Getting the legal work completed. Getting those billable hours in. Important, of course. However, because you are busy is no excuse for not getting out there face-to-face with clients and referrals sources to ensure that work continues to flow into the law firm.

Not enough time is often cited as the reason lawyers don’t do more marketing and business development. But that may not be the whole story. There is a pretty good article that stresses the need for lawyers to have more face time to develop business on Dolan Media Company’s web site.

The article points out several reasons that may be at the root of the problem. Many lawyers are introverted, not comfortable networking and although very disciplined when it comes to a client’s matter, not so much when it comes to marketing in order to maintain their business.

Here’s eight keys to business development success gleaned from the article, and which I have also preached about many times:

  1. Get out from behind your desk, and raise your profile by being more visible;
  2. Cultivate desirable relationships;
  3. Attend events where your clients and potential clients are likely to be;
  4. Schedule lunch or breakfast dates;
  5. Ask clients what keeps them up at night, then listen to them;
  6. Visit your key clients (off the clock) to learn more about their business;
  7. Ask for feedback, specifically ask what the firm could do better; and
  8. Look for opportunities to write and speak to your intended audience.

Excuses won’t bring in more business.

  • Develop and commit to a 15 minute daily marketing calendar to set up the activities mentioned above.
    Set it up as a recurring activity in Outlook and make sure you do it.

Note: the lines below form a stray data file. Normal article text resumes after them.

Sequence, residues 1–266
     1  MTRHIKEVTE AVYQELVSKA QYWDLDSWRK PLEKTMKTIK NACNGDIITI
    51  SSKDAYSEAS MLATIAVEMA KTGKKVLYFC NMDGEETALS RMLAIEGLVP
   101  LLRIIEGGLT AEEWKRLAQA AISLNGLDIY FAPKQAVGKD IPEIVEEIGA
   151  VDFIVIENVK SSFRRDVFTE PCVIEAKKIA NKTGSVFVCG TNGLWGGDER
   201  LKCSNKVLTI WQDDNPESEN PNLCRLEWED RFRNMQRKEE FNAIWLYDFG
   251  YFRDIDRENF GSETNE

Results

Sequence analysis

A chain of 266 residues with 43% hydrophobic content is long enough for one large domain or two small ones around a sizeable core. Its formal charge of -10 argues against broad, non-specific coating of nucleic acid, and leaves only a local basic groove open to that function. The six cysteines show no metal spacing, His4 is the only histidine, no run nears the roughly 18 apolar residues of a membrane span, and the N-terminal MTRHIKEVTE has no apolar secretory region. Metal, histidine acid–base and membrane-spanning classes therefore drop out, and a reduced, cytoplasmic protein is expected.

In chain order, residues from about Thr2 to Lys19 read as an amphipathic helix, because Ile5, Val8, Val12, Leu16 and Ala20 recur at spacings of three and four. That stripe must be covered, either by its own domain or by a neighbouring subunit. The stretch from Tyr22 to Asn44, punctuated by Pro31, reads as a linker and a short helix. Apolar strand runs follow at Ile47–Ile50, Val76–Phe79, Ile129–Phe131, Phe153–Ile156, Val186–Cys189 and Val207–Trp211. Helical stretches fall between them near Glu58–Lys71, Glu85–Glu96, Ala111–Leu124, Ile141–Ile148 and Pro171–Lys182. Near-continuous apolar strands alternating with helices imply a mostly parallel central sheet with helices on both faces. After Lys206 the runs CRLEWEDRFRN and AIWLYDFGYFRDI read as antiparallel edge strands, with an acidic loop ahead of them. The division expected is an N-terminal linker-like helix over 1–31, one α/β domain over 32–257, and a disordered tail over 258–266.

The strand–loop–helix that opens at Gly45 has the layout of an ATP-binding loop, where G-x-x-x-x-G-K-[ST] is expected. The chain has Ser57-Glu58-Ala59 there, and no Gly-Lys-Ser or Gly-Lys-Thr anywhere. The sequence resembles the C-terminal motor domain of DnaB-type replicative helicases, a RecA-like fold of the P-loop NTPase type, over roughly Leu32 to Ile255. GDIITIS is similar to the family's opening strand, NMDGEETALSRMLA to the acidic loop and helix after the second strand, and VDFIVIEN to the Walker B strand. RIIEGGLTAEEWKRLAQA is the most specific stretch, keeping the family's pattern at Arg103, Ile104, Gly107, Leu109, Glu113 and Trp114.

Over one year, that is 60 hours dedicated to sales and marketing activities.
    You can make a lot happen with that.

  • Hi Tom and Chris,
    As an online legal marketing consultant, I would like to add something. Chris suggested to set aside 15 minutes of your day to marketing activities. I think that’s reasonable and will pay off in the long term. I like the suggestions you made, Tom, and I would like to add one: Social Media Marketing. A while ago I wrote a short blog article about Social Media Marketing and how it can fit into any attorney’s marketing strategy.
    Social Media Marketing includes viral and interactive marketing using technology platforms such as Facebook and Twitter to generate buzz about your business, cause, brand, or product. One of the major advantages of utilizing Social Media Marketing is to stay connected to how current or prospective clients/customers feel about your business. Social Media Marketing allows you to manage the reputation of your brand by engaging, listening, and responding to your audience in real time.
    I don’t want to go into specifics about Social Media Marketing, but I think that especially attorneys will benefit tremendously from it if they only embrace it.